On October 18, 2018, the Food and Drug Administration (“FDA”) released draft guidance outlining its plans for the management of cybersecurity risks in medical devices. Commenters now have until March 17, 2019, to submit comments to the FDA and get their concerns on the record. More information about submitting comments can be found at the end of this post.
This FDA guidance revision will replace existing guidance released in 2014, which as you can see, includes recommendations, but does not attempt to classify devices. The recent draft guidance takes a more aggressive posture and separates devices into those with a Tier 1 “Higher Cybersecurity Risk” and those with a Tier 2 “Standard Cybersecurity Risk.”
Tier 1 devices are those that meet the following criteria:
1) The device is capable of connecting (e.g., wired, wirelessly) to another medical or non-medical product, or to a network, or to the Internet; and
2) A cybersecurity incident affecting the device could directly result in harm to multiple patients.
Tier 2 devices are any medical device that does not meet the criteria in Tier 1.
The FDA has varying guidance for devices depending on the Tier of the device. The FDA provides guidance for Tier 1 and Tier 2 devices on applying the NIST Cybersecurity Framework, providing appropriate cybersecurity documentation, and adhering to labeling recommendations.
In recommending the NIST Cybersecurity Framework, the FDA relies on 21 CFR 820.30(g) and recommends manufacturers provide a reasonable assurance of safety and effectiveness in their premarket submission. The FDA recommends that devices with any level of cybersecurity risk should meet the requirements for a “Trustworthy Device.” These are devices that: (1) are reasonably secure from cybersecurity intrusion and misuse; (2) provide a reasonable level of availability, reliability, and correct operation; (3) are reasonably suited to performing their intended functions; and (4) adhere to generally accepted security procedures.
The requirements for Tier 1 and Tier 2 labeling and documentation differ significantly. Tier 1 devices should include documentation that demonstrates how the device design and risk assessment incorporate the recommended design controls. The recommended design controls must explain in detail how a manufacturer will design their devices to:
(1) prevent unauthorized use,
(2) ensure trusted content by maintaining code, data, and execution integrity,
(3) maintain confidentiality of data,
(4) detect cybersecurity events in a timely fashion,
(5) respond to and contain the impact of a potential cybersecurity incident, and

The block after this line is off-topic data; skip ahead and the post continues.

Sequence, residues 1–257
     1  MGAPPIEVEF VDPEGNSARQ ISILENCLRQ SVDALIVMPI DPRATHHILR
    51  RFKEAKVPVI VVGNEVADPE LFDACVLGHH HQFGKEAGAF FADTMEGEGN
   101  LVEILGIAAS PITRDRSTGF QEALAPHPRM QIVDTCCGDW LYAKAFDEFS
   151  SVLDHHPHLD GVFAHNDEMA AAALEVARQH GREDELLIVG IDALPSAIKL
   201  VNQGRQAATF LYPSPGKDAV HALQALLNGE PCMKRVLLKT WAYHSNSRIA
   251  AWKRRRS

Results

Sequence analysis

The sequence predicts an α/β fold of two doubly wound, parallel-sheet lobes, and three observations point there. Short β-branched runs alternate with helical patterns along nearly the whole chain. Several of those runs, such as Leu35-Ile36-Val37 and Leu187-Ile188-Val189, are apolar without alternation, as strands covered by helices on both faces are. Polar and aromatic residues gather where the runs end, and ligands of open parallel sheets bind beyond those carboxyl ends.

(6) recover capabilities or services that were impaired due to a cybersecurity incident.
Tier 2 devices have the option of following the Tier 1 standard (documenting how they have incorporated each design control) or Tier 2 devices can provide a risk-based rationale for why certain recommended design controls are not appropriate.
Labeling recommendations are often the most sensitive, as they are the most likely aspect of the devices to be noticed by purchasers and may have an impact on the perceived risk of the device, separate from any actual risk. The FDA requires labeling that includes adequate directions for use and does not include any false or misleading statements. The FDA will consider labeling misleading if the labeling fails to reveal material facts with respect to consequences that may result from the use of the device under the prescribed or customary conditions of use. The proposed guidance includes a detailed 14 point recommendation for cybersecurity labeling — something manufacturers should closely consider.
If you manufacture devices that will be subject to these regulations be sure to add your comments before the deadline. Submit electronic comments to https://www.regulations.gov and submit written comments to the Dockets Management Staff (HFA-305), Food and Drug Administration, 5630 Fishers Lane, rm. 1061, Rockville, MD 20852. A copy of the notice with additional instructions for providing comments can be found here.
Manufacturers of these devices should promptly submit their comments to the FDA in order to address any concerns they may have. As an important take-away, devices only fall into Tier 1 if a cybersecurity incident could harm multiple patients. This gives some insight into the FDA’s target, devices where a single incident could have network effects to a community of patients. Because more and more devices with industry leading features will fit into Tier 1, manufacturers will be best served to involve themselves early in the FDA’s guidance drafting process.